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The functions of vocal learning in parrots

Abstract

Given that both sexes of most parrots learn new vocalizations throughout life and produce them in diverse social contexts, whereas few songbird species combine all these traits, why are parrots not a better model for the evolution of human speech than songbirds? We first note the technical constraints that have limited research on wild parrot communication and then review the discoveries that have accumulated in the last two decades as constraints were overcome. Vocal learning in wild parrots appears unrelated to sexual selection and mate competition but is used by parrot pairs to defend nest sites in ways similar to those of songbirds. Where parrots differ from songbirds is in their specialization on toxic and armored foods, the consequences of this diet on foraging and social dynamics, and the use of learned vocalizations to mediate those dynamics. Parrots thus use learned vocalizations for two quite different functions, only one of which they share with songbirds (and hummingbirds). Interestingly, recent neurobiological studies have shown that parrots have dual cortical pathway nuclei for vocal learning, only one of which is present in songbirds. The parallels between the distributions of functions of vocal learning and brain nuclei suggest future research that should clarify both how and why parrots are more extensive vocal learners than songbirds and whether there are in fact parallels with humans.

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Acknowledgments

The authors thank Sandra Vehrencamp, Michelle Hall, Tim Wright, and Mukta Chakraborty for helpful suggestions and background information. Three anonymous reviewers read this long review with great care and provided many helpful suggestions to improve clarity and accuracy.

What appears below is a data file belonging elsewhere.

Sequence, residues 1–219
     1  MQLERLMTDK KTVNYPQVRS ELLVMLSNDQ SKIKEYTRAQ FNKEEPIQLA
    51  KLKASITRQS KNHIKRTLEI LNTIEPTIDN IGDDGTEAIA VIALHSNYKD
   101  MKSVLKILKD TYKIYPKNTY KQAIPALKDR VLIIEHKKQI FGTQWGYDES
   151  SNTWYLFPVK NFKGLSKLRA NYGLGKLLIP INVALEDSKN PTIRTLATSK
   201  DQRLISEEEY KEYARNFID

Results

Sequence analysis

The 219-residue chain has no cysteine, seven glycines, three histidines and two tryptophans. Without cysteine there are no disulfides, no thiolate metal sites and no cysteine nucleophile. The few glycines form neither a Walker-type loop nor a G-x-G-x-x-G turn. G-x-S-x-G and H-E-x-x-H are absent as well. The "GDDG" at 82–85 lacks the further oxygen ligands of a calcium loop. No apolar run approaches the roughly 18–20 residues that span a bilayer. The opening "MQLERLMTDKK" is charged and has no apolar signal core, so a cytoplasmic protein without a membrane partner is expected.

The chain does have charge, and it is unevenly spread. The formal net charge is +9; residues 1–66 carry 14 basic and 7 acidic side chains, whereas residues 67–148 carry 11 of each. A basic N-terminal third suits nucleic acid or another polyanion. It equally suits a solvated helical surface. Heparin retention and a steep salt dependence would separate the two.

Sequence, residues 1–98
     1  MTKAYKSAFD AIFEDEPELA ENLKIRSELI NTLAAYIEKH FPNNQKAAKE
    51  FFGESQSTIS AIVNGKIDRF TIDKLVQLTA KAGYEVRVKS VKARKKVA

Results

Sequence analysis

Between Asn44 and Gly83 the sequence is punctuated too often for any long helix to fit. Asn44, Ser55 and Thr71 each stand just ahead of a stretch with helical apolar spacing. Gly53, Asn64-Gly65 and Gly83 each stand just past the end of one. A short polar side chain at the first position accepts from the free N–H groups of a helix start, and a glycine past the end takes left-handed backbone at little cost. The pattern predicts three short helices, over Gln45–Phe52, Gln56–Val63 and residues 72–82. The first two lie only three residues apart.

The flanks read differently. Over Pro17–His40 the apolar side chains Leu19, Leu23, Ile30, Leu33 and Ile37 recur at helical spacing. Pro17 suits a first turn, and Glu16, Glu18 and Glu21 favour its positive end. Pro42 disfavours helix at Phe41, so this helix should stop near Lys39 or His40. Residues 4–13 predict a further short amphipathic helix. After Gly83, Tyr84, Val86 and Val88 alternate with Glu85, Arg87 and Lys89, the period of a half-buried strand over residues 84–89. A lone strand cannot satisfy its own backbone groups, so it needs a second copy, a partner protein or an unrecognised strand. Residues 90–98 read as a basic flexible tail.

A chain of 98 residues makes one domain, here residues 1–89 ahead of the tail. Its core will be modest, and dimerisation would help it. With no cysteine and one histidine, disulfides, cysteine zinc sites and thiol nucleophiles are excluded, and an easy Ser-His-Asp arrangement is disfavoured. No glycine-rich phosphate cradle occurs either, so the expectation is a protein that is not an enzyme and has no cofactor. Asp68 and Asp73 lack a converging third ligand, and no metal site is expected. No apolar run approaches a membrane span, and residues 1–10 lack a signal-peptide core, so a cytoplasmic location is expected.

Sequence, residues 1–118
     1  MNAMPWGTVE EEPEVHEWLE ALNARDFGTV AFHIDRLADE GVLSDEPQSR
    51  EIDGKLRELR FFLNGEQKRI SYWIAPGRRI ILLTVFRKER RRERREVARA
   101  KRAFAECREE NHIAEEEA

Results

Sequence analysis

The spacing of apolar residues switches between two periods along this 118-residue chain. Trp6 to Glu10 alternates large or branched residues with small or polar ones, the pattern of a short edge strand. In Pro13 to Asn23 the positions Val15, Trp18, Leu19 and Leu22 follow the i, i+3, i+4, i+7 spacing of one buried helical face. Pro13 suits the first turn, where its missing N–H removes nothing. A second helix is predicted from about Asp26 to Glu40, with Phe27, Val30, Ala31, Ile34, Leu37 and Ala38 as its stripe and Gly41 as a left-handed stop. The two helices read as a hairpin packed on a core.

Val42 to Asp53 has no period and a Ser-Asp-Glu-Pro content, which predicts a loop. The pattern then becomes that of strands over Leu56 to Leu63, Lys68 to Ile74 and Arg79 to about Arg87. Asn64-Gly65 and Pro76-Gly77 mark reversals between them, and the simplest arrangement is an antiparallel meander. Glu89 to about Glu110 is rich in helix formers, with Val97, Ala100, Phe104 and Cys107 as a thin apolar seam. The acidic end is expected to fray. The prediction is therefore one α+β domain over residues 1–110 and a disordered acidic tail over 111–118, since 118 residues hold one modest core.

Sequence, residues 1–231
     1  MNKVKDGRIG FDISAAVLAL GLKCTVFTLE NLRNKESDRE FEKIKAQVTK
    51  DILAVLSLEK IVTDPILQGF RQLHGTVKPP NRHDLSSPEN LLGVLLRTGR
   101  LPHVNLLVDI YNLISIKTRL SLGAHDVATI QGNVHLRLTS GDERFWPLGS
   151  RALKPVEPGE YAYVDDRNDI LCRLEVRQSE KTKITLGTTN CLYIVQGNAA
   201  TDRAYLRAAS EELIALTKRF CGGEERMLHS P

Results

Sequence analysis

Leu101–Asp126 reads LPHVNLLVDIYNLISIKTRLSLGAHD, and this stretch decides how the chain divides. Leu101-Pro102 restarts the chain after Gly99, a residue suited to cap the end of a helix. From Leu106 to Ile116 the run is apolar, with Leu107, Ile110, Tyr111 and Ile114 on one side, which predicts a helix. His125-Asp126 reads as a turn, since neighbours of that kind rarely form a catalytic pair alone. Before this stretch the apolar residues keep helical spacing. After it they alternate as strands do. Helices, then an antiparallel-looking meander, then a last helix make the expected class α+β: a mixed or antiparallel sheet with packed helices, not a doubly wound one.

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Correspondence to Jack W. Bradbury.

Ethics declarations

All applicable international, national, and/or institutional guidelines for the care and use of animals were followed in research performed by the authors. Our research protocols were reviewed and approved by the Cornell University IACUC (most recent Protocol 2007-0124) and by the University of Copenhagen, which enforces the Guidelines for the Treatment of Animals in Behavioral Research established by the Animal Behavior Society. In addition, the authors submitted protocols and received approval for all research in Costa Rica from the directorate of the Área de Conservación Guanacaste (most recent permit ACG-PI-035-2007). No human subjects were involved in any study undertaken by the authors.

Funding

Original research by the two authors of this review (including personal observations) was supported by the National Science Foundation of the United States (IBN 02-290271 to JWB), the Steno-Stipend program (272-06-0272 to TJSB), and Framework programs of the Danish Council for Independent Research (272-07-0477 and 10-08484 to colleague Torben Dabelsteen). All other citations in this review involve research undertaken by other authors and published separately.

Conflict of interest

The authors declare that they have no competing interests.

Additional information

Communicated by P. M. Kappeler

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Bradbury, J.W., Balsby, T.J.S. The functions of vocal learning in parrots. Behav Ecol Sociobiol 70, 293–312 (2016). https://doi.org/10.1007/s00265-016-2068-4

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Keywords

  • Parrots
  • Vocal learning
  • Mimicry
  • Songbirds
  • Detoxification
  • Territorial defense
  • Fission-fusion flocks